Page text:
Consumer Groups, media and panicky politicians led a feeding frenzy last year over toy recalls that resulted in remarkably broad legislation restricting the presence of lead in children's products, yes our old friend the CPSIA. Of course, the determined "do-gooders" in the consumer group corner have asserted that there is "no safe level" for lead and thus, it makes "sense" to eliminate it totally from children's products (and the world at large, if possible). Remember, you can't be too safe . . . . A leader of this charge was a staff person at the American Academy of Pediatrics who presented unchallenged statistics in September 2007 to a House Subcommittee. With the lilly-white AAP backing of this notion, Congress swung into action and outlawed lead effectively from all children's products. Sounds good, right? Well, as with most manias, the "unintended consequences" have been terrible. This has been well-documented in this space.
Interestingly, I found an article recently that suggested that elimination of lead from circuitry (solder), courtesy of our friends in EU bureaucracy, may have played a role in the recent terrible Washington, D.C. Metro train crash. [Lest we forget, it is worth noting that the motivation behind the EU's elimination of lead from solder was protection of the environment, not a fear over direct human poisoning, the basis of the current U.S. mania.] This article points out something that the amateur scientist fear mongers may not have known, which is that lead plays a useful role in solder, and in its absence . . . more "unintended consequences". In this case, the consequence is something called "tin whiskers", a phenomenon created by "untamed" tin in solder. Tin behaves differently in the absence of lead, and will grow "whiskers" that create electrical shorts. The article suggests that this explains the intermittent electrical failures of the crash detection system on the Washington Metro. Other deadly accidents have been linked to tin whiskers. Precautionary, indeed.
Among the many things that disgust me about the lead mania is the illusion (delusion) that controlling lead-in-substrate in children's products will have any material impact on exposure to lead. In fact, it's just a way to put blinders on. By publicly and notoriously addressing the "lead problem" - problem solved!! This is absurd, of course, but has only encouraged the maniacs. Take, for example, the recent hubbub over the Obama's "lead-contaminated" vegetable garden. Incredibly, the lead levels detected in the White House garden (presumably by people with too much time on their hands) was 93 ppm. Our dear friends at the AAP assert that background lead levels in dirt is 40 ppm. This was the rationale behind the recent Illinois lead labeling legislation profiled in this space. As the Obama article makes clear, the controversy over lead in dirt is just politics, not science, and is WAY out of proportion to both the health threat and the presence of lead all around us. Dr. Kimberly Gray, Director of the Environmental Sciences Program at Northwestern University comments: "It’s inflammatory. 93 ppm is well below background lead for an urban environment. It’s what you’d expect just from atmospheric deposition." The article continues: "Atmospheric deposition is lead particles that fall out of the sky, from things like auto emissions." You mean there's lead in the air, too - oh, no!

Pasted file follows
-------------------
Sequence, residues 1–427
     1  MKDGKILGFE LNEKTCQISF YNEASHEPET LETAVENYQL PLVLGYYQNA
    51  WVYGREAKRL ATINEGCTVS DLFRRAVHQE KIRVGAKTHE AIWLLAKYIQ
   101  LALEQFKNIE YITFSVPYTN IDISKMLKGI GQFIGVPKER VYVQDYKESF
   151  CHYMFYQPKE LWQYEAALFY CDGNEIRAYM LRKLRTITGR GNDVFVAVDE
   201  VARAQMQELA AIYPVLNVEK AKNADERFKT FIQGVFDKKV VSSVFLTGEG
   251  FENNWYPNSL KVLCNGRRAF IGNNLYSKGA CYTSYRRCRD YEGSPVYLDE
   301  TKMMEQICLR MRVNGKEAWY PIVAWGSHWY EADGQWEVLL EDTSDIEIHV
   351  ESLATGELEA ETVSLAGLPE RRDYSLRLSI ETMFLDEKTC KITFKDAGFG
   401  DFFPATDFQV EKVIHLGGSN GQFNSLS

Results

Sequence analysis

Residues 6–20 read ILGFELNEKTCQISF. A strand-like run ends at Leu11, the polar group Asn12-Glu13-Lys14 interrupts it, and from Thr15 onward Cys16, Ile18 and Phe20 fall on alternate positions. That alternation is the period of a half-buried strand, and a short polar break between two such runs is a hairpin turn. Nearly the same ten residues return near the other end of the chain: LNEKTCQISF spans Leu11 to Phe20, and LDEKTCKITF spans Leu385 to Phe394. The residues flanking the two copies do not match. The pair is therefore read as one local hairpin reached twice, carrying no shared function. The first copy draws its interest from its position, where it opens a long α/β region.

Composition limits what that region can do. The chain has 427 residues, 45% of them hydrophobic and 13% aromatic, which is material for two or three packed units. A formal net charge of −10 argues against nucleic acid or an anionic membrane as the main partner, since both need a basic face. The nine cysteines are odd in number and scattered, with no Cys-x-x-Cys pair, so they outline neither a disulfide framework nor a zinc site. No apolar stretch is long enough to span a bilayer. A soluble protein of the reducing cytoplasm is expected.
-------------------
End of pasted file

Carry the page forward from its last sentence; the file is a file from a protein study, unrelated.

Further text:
The do-gooders have infinite justifications for their bans of lead in children's products, their current obsession, but (other than economic devastation) what has actually been accomplished for the American public by their handiwork? Only the illusion of "better safety". The legislation markets the idea that elimination of insoluble lead from substrate makes a marginal, incremental difference to health, as though it were the only (or principal) source of lead in our bodies. This flawed logic also underlies the dangerous Proposition 65 in California. The labels required by Proposition 65 sounds sensible, intended to advise consumers of the presence of "toxins" in their products (even if legally there) so they can decide whether to expose themselves or their families to the "deadly" substances. Who could object to that? Well . . . the selective presence of these labels gives false comfort to consumers who may believe that the labels highlight the ONLY places where the noted risk occurs. The implicit reasoning goes like this . . . why would the government require lead labels on lip gloss if the government knows that this risk is miniscule compared to MANY other sources of lead in daily life? Aren't they requiring labels on EVERYTHING with lead? And, if so (the government wouldn't let us down!), isn't this buying decision critical, a highlighted choice that might make the difference between good health and some form of miserable, painful, lingering death?! That's the implication, however erroneous.
I do not accept that this is the only way to run a sensible society. Canada has attempted to truncate our fancy new safety system, by tailoring it to a narrow and specific class of products or situations. That seems like a good place to start. It's time for all concerned to acknowledge that the "perfect legislative process" had a faulty outcome. Real leaders are prepared to admit error and to do the right thing for their troops. Congress???